When people say that Kylo is emo they are not wrong. Maybe this is why the younger fandom is so enamored with him. Kylo’s reactions to things are much rawer than his great-grandfather Anakin as Darth Vader. Kylo is angry in that impotent way that teenagers are angry. Younger Anakin is pretty much a flighty teenager as well. The Jedi don’t want to train him because he’s already a flighty pre-teenager. So why is there an aversion to teenagers when it comes to Jediism? Well, if you are trying not to be governed by emotion, your teen years are not an ideal time to start. Teenagers are a bad demographic to train in harnessing passion because they are just starting to discover passions.
Contrast this to Luke, who’s older but learns to go with the force and embrace things that are out of his control. Yoda has taught him to empty his mind and have strong emotions but not to be overcome and destroyed by them. Emotions are transient and ever-changing. Anakin was torn asunder by his emotions. They made him easy to manipulate. They sent him off to battle his mentor and fell into magma. To force choke the very wife he was petrified would die. Darker, Sith based emotions caused Kylo to idolize his grandfather blindly and destroy panels and rooms in his damn spaceship. Thus, to be a Jedi is not to be swayed by emotion.
To obtain, enlightenment as Jedi we empty ourselves. We purge ourselves of harsh feelings. You understand that you are just a mere part of the universe not the whole sum of it.
The Nature of Impermanence
Star Wars speaks to this impermanence of time. That you can conquer and conquer, but you will fall. You will hit a wall, and then Daisy Ridley will come with her goggles and pick apart your mighty works for scraps as you despair. What makes Siths, so Sith-y is their desire. The Empire and the First Order have insatiable desires to conquer, but the thing about being governed by strong, fickle emotions, like ambition, is that no amount of conquering will ever be enough. As Buddhism notes, suffering for want is insatiable. Nothing will fill that void. No conquering, material possessions or power will ever be enough.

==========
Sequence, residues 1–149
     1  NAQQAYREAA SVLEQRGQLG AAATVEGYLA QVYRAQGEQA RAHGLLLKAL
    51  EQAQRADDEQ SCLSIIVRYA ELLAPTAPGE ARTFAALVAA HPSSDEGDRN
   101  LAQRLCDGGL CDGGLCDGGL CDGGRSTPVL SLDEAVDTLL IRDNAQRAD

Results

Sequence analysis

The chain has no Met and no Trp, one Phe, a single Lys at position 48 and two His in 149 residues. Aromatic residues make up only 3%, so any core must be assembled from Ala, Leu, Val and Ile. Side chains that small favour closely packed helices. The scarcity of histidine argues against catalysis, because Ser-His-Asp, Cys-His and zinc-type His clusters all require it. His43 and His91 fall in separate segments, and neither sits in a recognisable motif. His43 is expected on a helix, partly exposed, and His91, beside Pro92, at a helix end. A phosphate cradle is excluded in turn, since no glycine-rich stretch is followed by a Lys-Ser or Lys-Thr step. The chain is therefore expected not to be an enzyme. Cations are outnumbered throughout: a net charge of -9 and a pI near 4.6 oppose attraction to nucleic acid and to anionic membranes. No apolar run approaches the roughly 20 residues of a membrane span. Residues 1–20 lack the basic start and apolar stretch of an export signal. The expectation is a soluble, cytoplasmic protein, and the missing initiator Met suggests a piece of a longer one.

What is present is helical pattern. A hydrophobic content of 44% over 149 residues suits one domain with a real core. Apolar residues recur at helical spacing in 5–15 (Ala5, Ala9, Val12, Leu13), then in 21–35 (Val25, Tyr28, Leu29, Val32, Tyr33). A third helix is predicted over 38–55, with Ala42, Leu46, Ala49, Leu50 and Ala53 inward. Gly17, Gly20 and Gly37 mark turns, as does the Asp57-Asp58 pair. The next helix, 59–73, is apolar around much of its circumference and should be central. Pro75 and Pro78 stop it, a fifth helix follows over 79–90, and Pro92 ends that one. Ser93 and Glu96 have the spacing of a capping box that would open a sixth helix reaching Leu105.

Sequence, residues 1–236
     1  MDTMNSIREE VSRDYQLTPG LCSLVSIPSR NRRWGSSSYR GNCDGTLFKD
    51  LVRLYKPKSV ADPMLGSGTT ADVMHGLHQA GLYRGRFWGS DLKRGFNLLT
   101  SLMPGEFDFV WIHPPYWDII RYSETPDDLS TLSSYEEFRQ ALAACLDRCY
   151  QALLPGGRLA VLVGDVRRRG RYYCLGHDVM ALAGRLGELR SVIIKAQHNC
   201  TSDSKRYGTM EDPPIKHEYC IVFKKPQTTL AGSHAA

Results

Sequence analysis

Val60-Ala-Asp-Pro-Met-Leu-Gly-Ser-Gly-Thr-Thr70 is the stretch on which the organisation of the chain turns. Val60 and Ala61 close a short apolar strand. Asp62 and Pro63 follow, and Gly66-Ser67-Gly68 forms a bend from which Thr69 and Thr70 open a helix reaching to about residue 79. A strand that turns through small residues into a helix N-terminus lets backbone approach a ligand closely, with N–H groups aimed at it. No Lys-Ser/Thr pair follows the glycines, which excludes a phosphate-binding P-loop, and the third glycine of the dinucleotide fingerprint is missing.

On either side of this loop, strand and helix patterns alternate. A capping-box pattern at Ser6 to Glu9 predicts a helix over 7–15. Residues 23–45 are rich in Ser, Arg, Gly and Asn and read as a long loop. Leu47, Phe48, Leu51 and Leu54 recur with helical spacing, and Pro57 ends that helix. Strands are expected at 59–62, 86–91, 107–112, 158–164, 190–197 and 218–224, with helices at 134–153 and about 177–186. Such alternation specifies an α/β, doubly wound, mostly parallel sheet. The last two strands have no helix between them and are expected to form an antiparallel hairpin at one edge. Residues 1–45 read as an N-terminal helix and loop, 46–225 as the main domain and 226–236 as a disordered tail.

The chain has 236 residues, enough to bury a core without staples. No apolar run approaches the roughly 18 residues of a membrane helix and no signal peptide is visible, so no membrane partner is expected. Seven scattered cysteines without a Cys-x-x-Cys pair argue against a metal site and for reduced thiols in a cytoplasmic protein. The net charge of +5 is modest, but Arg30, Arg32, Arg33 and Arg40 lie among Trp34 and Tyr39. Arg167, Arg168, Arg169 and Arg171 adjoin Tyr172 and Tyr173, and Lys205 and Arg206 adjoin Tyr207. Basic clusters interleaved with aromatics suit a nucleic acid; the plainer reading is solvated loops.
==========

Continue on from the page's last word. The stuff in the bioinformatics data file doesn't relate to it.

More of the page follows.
This reminds me of Thor: Ragnorak in that way. In Taika Watiti’s meditation on colonialism, Hela desires to conquer but it is hinted at and then stated that the bad thing about conquering is that it never ends. The battle to control everything is unstoppable and neverending. You are never done conquering until your empire falls at the expense of its people.
So in a way following Jediism breaks that pattern. Things aren’t us versus them. Everything has value and is worth protecting and appreciating because it is all connected to the Force. You don’t move a ship out of a bog because you will see it, you move it because you draw upon the universe to do it. Midi-chlorians be damned!
Connection to the Force
We know that our reaction to suffering makes us go to our destiny and it is how we react to that destiny that makes us who we are. Rob Hunter, quoted Star Wars: The Last Jedi saying that the Force is “the tension, the balance, that binds the universe together.” We know that to be a Jedi you need a deep connection to this tension, and it must remain balanced. George Lucas has even stated that faith is the act of remaining balanced.
The connection to the force is strengthened through a refusal to be governed by one’s transient emotions, and dedication to something more substantial than oneself. In a way, the Force is distilled so that it can withstand the transient. The Force is like being in tune with the great river that is existence. In the writings of Lao Tzu, water is a metaphor used to denote adaptability, resilience and connection. In the comment section of the 25th Anniversary translation of the Tao, a comment states that:
He who lives the Tao acts in his life and dealings as water acts in nature. Water does not resist, yet it conquers all; it is tasteless — suggesting the invisibility of the Tao — yet life-giving. It moves through all that lives and in movement remains clear and pure. It is supple, flexible, and humble; it does not compete…
Being one with the Force is about being flexible and flowing with the current of life. The Force is the underlying connection with all life that alleviates pain. To be Force-sensitive is to feel the weight of the world. To hear the hum of it and to understand that one is just small part of the world. In the same way that a person understands their place when they reach Nirvana, to understand the Force Jedi must enter a similar state. (Nirvana is “a transcendent state in which there is neither suffering, desire, nor sense of self, and the subject is released from the effects of karma and the cycle of death and rebirth.”)
May the Force Be With You, Always
Star Wars is a religious Rorschach test. Everyone can look into it and see their religion. That’s the brilliance of it. George Lucas doesn’t see Star Wars as profoundly religious. He sees Jediism as a faith devoid of the sociopolitical landscape. He boiled faith down to its fundamentals. So when we talk about being a Jedi and the Force, we talk about the abstracts of faith. So if the hero wears many faces, so does faith.